« Reply #80 on: April 24, 2015, 06:37:47 am »
Yes, this was my impression. Some where along the way ultra low input bias op-amps got mixed up into the whole works and completely drove this "discussion" is beyond tangent ways.

Yes, CMOS input op-amps have low input bias current. They are not the answer to it all as the inputs can be zapped if abused. While the inputs are protected by a set of diode clamps, their leakage currents do not balance out at all power supply voltages resulting in an increase if input bias current and the capacitance at their inputs can result in frequency response and related dynamic problems. Their common mode rejection is not that great. Once the source impedance drops, their advantages disappear.

As for MOSFET type devices in general, the first large volume production of MOSFET based sensors were alpha particle based smoke detectors (circa 1980's) where the sensing was done using a P channel MOSFET like the 3N163/3N164. These devices are low inout current due the effectively insulated gate structure which resulted in input bias currents in the femto-amps over a broad range of temperature and conditions.
http://www.linearsystems.com/assets/media/file/datasheets/3N163-4.pdf

There is a LOT more to what is required to making the noise measurement device than just the input device or op-amp.


**Voltage references are not high impedance devices which negates the advantages offered by extremely low input bias current devices, discrete or integrated.***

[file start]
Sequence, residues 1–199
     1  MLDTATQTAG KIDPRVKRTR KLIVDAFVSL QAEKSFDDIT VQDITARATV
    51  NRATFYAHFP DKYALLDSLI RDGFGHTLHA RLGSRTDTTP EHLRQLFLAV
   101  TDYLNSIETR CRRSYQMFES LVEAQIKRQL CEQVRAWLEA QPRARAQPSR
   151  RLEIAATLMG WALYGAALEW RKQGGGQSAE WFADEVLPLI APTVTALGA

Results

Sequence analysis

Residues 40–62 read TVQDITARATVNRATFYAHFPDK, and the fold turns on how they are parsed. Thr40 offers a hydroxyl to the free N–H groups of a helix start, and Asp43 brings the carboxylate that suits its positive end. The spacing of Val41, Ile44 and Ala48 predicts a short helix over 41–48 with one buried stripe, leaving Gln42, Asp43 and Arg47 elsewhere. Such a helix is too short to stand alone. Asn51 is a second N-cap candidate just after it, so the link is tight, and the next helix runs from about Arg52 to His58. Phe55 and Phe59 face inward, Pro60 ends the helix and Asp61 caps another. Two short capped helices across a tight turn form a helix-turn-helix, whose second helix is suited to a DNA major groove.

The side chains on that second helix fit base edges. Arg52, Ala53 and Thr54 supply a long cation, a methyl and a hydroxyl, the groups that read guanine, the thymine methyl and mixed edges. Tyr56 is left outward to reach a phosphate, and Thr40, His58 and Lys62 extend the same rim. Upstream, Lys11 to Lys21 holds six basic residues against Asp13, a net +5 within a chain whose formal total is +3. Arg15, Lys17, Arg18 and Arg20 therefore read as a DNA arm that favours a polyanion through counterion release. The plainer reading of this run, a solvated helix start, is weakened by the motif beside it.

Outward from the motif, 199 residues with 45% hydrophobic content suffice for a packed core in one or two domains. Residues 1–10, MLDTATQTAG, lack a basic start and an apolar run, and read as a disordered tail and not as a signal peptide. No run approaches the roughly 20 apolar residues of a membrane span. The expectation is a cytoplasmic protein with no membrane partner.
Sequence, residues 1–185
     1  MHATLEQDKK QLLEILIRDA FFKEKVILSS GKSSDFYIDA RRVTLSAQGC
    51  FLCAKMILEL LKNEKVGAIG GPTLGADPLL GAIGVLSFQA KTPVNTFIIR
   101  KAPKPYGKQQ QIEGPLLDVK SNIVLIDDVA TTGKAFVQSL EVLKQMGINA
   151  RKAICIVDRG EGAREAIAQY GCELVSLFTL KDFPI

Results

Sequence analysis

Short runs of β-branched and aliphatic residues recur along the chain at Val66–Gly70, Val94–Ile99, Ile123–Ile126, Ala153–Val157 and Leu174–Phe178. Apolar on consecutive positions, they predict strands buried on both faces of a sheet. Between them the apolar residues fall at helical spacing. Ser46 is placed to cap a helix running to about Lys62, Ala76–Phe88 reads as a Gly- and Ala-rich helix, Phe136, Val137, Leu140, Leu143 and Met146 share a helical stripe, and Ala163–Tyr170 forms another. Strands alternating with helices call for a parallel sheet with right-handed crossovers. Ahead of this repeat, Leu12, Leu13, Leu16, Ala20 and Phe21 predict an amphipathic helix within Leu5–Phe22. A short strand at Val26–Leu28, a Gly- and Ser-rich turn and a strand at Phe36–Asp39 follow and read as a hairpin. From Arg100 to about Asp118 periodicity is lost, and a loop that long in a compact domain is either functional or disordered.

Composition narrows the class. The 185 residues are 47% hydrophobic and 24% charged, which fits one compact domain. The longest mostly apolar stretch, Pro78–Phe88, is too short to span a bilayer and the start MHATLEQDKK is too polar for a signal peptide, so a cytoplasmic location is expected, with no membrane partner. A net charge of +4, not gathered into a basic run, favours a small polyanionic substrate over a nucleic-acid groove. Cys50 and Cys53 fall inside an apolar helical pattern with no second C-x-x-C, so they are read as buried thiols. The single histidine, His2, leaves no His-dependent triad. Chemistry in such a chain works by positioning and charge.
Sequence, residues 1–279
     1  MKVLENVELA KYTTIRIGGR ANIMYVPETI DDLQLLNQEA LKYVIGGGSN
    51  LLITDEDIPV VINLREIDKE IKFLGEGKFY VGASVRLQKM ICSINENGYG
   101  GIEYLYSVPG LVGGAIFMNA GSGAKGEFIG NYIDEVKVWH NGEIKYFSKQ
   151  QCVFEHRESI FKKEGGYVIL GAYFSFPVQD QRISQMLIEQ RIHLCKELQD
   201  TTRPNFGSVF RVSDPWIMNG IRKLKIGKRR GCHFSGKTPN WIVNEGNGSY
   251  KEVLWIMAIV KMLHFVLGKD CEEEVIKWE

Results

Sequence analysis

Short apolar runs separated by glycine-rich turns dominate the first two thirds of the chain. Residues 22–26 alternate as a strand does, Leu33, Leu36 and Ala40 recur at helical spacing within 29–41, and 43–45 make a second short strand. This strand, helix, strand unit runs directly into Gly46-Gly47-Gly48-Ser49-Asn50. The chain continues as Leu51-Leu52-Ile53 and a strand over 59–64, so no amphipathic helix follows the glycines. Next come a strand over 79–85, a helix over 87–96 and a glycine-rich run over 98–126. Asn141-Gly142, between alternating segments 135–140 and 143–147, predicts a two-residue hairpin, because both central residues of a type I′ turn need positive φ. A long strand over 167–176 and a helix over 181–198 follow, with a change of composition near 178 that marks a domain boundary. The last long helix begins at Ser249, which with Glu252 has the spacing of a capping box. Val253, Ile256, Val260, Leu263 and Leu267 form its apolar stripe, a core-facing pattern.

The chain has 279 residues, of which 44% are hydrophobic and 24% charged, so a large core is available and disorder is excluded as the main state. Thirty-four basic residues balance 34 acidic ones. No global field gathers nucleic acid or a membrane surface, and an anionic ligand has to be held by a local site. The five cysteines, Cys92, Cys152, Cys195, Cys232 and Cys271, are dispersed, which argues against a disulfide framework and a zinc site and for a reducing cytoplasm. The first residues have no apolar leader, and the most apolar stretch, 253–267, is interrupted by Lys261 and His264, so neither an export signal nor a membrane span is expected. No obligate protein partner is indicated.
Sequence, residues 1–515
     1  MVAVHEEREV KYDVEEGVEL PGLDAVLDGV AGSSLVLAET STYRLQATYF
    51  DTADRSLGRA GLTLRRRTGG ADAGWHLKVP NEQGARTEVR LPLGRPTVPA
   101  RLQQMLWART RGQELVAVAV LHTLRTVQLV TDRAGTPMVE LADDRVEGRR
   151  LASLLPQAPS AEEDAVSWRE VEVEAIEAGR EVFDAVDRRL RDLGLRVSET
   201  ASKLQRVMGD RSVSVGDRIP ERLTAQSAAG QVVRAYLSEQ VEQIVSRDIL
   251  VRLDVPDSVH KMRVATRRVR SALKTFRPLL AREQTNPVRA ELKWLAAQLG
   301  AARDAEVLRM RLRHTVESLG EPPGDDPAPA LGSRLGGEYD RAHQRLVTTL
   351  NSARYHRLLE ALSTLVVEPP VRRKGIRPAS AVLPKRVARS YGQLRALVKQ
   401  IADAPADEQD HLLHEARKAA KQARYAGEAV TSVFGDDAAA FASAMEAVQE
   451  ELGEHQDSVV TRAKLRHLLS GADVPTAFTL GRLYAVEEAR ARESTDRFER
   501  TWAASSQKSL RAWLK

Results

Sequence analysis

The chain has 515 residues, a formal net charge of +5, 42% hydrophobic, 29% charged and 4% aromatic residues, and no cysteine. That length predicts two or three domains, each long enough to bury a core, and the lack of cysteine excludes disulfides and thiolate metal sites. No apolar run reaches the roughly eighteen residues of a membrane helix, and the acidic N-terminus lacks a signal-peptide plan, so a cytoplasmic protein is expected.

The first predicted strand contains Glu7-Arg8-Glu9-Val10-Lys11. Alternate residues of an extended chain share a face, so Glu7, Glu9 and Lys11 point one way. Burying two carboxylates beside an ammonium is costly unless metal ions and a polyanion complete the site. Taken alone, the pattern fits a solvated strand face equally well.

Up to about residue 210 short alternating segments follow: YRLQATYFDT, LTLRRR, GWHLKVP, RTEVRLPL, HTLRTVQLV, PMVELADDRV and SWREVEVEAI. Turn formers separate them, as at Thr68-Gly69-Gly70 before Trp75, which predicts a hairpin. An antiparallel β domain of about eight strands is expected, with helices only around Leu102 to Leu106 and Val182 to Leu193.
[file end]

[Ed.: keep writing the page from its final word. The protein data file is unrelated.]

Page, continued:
Back to the initial question of measuring noise from a voltage reference that has relatively low impedance and lowish noise over a bandwidth of 10 Hz, Correct?

Two examples have been presented here as starting solutions. Linear Technologies AN124 and the other was using a LT1012 and LT1037 which appears to have good and reasonable test results. The way to proceed would be to build either the test fixtures as outlined in AN124 or the LT1012 ad LT1037 and see if they produce the results required. If the test results are not good enough, then proceed to improve upon what has been done as needed.

It's that simple.

If there are improvements that needs to be made to improve specifics such as noise floor, DC stability or etc, that is when specific questions can be asked with possible solutions suggested.

Set the intellectual/Mental masterbation aside, check the engineering ego at the door as none of that is helpful towards solving the initial question.